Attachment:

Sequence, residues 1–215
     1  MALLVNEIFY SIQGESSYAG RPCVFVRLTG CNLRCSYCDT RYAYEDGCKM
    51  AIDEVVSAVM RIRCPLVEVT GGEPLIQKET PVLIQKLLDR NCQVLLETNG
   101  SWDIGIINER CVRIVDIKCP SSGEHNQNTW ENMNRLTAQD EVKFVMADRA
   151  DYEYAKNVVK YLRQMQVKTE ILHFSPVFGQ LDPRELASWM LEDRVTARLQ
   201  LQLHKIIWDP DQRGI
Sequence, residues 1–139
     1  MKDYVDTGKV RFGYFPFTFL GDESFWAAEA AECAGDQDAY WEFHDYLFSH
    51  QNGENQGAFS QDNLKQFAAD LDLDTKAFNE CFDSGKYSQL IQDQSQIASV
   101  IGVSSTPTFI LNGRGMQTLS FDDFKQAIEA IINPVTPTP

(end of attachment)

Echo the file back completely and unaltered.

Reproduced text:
Sequence, residues 1–215
     1  MALLVNEIFY SIQGESSYAG RPCVFVRLTG CNLRCSYCDT RYAYEDGCKM
    51  AIDEVVSAVM RIRCPLVEVT GGEPLIQKET PVLIQKLLDR NCQVLLETNG
   101  SWDIGIINER CVRIVDIKCP SSGEHNQNTW ENMNRLTAQD EVKFVMADRA
   151  DYEYAKNVVK YLRQMQVKTE ILHFSPVFGQ LDPRELASWM LEDRVTARLQ
   201  LQLHKIIWDP DQRGI
Sequence, residues 1–139
     1  MKDYVDTGKV RFGYFPFTFL GDESFWAAEA AECAGDQDAY WEFHDYLFSH
    51  QNGENQGAFS QDNLKQFAAD LDLDTKAFNE CFDSGKYSQL IQDQSQIASV
   101  IGVSSTPTFI LNGRGMQTLS FDDFKQAIEA IINPVTPTP